As of 2021, 22 per cent of Simcoe County District School Board students identify as a non-white race.
That was one of many statistics presented to board trustees on May 11 during their program standing committee meeting concerning their first-ever student census completed in April 2021, bringing to a close the reports expected out of the census.
On Wednesday, trustees received information on data collected pertaining to race, religion and ethnic origin of students.
“I expect this will change very significantly over a short period of time as we’re changing in the province. How will we continue to monitor this as we move forward?” asked Orillia/Ramara/Severn trustee Jodi Lloyd, noting she’d like to see the board monitoring trends.
According to the 2021 Canadian Census, the population of Simcoe County reached 533,169 in 2021, increasing by 11.2 per cent over 2016 numbers.
Nearly 27,000 students (51 per cent) participated in the 2021 student census, which was completed confidentially.
Students in kindergarten to Grade 6 had a parent/guardian participate in the census on their behalf, while students in Grades 7-12 participated in the census themselves.
Manager of Research and Decision Support Lisa Newton said no date has yet been set for the next student census.
“Usually it’s every three to four years,” said Newton.
The race categories census question collected responses from 26,291 participants (or 97 per cent of total participants). Fifty-six per cent of the responses were from students in kindergarten to Grade 6 and 44 per cent of responses represented students in Grades 7-12.
Ninety-three per cent (or 24,482 students) who responded to this census question reported a single race category.
The most commonly reported single-race categories included white (78 per cent), South Asian (four per cent), East/Southeast Asian (three per cent) and Black (three per cent).
Seven per cent (or 1,809 students) reported multiple-race categories.
Of the seven per cent who reported multiple race categories, the three most commonly reported included Indigenous and white (28 per cent), Black and white (17 per cent) and East/Southeast Asian and white (16 per cent).
Data was also collected on ethnic origins, collecting responses from 26,449 participants (or 98 percent of total participants) on the question. Fifty-seven per cent of the responses were from students in Kindergarten to Grade 6 and 43 percent of responses represented students in Grades 7-12.
In total, there were 180 ethnic origins reported by SCDSB students. The ethnic origin census question included 32 ethnic origins, and included an open response option.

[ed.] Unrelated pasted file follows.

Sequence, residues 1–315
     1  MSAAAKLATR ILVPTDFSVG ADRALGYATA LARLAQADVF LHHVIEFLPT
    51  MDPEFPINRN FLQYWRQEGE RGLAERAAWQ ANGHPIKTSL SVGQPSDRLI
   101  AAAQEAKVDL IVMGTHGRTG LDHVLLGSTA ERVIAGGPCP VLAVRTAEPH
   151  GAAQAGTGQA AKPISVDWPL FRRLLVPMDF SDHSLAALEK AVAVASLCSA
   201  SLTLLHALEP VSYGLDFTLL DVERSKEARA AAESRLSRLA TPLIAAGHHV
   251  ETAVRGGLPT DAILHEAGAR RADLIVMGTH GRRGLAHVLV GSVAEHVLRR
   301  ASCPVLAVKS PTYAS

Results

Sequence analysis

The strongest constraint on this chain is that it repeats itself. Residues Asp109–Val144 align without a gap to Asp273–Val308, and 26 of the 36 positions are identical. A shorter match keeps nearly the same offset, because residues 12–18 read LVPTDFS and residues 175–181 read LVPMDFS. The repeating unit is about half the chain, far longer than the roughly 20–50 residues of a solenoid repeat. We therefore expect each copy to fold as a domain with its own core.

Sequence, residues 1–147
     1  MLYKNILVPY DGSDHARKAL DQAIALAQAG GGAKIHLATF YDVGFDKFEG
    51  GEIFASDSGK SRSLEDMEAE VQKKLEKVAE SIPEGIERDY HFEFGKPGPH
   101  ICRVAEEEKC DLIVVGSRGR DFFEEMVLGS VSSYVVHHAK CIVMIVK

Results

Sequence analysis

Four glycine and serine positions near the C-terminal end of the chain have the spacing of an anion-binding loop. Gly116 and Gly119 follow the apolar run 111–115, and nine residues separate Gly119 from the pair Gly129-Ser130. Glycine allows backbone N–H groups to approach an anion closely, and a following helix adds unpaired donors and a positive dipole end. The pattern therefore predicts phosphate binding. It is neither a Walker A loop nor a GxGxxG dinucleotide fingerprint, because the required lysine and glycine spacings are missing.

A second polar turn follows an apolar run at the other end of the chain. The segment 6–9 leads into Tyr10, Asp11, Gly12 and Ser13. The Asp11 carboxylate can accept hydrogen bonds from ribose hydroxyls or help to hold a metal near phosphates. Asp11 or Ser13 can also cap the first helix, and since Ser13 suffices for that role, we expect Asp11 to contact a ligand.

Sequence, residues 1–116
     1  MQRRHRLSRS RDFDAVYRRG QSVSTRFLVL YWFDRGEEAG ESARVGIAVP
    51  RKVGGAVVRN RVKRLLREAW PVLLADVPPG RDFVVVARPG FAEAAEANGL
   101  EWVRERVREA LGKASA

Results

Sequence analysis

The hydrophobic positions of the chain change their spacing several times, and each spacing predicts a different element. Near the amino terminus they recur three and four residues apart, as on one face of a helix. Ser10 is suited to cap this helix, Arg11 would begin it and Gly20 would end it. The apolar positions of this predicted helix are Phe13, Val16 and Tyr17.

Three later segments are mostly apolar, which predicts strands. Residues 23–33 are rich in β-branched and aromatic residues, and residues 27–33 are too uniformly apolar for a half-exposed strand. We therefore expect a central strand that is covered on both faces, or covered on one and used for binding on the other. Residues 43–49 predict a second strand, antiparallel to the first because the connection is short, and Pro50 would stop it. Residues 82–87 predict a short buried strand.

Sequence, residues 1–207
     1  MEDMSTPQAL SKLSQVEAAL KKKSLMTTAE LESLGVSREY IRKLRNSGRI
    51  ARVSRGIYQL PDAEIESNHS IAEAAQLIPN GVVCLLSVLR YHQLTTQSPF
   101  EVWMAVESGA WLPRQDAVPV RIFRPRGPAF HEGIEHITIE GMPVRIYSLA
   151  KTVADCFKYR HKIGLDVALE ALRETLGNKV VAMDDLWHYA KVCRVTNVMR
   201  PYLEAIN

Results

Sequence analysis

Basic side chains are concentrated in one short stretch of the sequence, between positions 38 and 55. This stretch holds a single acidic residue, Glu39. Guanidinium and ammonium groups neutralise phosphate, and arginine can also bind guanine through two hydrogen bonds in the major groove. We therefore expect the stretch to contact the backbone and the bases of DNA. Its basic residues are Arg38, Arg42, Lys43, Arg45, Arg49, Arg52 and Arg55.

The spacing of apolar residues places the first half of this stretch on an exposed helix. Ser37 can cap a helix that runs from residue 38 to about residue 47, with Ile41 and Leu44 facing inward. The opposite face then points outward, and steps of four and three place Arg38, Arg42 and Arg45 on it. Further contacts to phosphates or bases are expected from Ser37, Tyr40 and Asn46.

Fifty-nine per cent (or 15,654 students) reported a single ethnic origin. The most commonly reported single ethnic origins included Canadian (43 per cent), English (four per cent), Pakistani (one per cent), Chinese (one per cent), Sri Lankan (one per cent) and East Indian (one per cent).
Forty-one per cent (or 10,795 students) reported multiple ethnic origins. Of the 10,795 students who reported more than one ethnic origin, 8,422 (or 78 per cent) reported Canadian as one of their ethnic origins.
Multiple ethnic origins most reported by students including Canadian were Canadian and English (seven per cent), Canadian, English, Irish and Scottish (two per cent) and Canadian and Irish (two per cent).
Multiple ethnic origins most reported by students not including Canadian (2,373 or 22 per cent) were English, Irish and Scottish (one per cent), English and Scottish (one per cent); and English and Irish (one per cent).
The religion and/or spiritual affiliation census question collected responses from 25,878 participants (or 96 per cent of total participants). Fifty-seven per cent of the responses were from students in Kindergarten to Grade 6 and 43 per cent of responses represented students in Grades 7-12.
The question on religion/spiritual affiliation found that 59 per cent of participants don’t identify with any specific religion. Christian was reported by 33 per cent of participants, Muslim was reported by four per cent of participants, Hindu was reported by two per cent of participants and another religion and/or spiritual affiliation was reported by two per cent. One per cent of participants each identified as Jewish, Buddhist, Indigenous spirituality or Sikh.
Midland/Penetanguishene/Tay/Tiny trustee Tyler Boswell asked if there was a geographical breakdown of where the numbers were coming from.
“That is the next level of data mining that we do. We are looking at areas and where we should have additional resources,” said Associate Director of Education Dawn Stephens.
Lloyd noted the value of the information, and how the board can better recognize all students in holidays and celebrations.
“So many of our holidays are based upon the Christian faith. I think it’s important we recognize there’s a significant percentage of our population that has no religious affiliation,” said Lloyd. “We also have a significant number of students who practise other faiths.”
New Tecumseth trustee Sarah Beitz asked if prayer rooms were available in all schools for Muslim students. Superintendent of Education Dean Maltby said interfaith prayer rooms were available.
As defined in the Anti-Racism Act, public-service organizations, which include Ontario school boards, are required and authorized to collect personal information related to programs, services and functions. This includes the collection of personal information related to Indigenous identity, race, religion, ethnic origin, gender identity and other demographic data.
To read our story about the conditions/disabilities data collected through the 2021 student census, click here.
To read our story about the LGBTQ+ data collected through the 2021 student census, click here.
To read our story about languages data collected through the 2021 student census, click here.